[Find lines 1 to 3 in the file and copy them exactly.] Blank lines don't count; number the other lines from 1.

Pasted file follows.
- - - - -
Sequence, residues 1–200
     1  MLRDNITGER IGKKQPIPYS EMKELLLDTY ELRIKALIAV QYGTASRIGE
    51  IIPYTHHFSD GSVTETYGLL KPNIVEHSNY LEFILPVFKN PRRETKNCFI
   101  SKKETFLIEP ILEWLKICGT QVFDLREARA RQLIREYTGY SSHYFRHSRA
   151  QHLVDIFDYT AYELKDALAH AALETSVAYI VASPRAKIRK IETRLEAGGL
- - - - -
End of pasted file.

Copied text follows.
Sequence, residues 1–200
     1  MLRDNITGER IGKKQPIPYS EMKELLLDTY ELRIKALIAV QYGTASRIGE
    51  IIPYTHHFSD GSVTETYGLL KPNIVEHSNY LEFILPVFKN PRRETKNCFI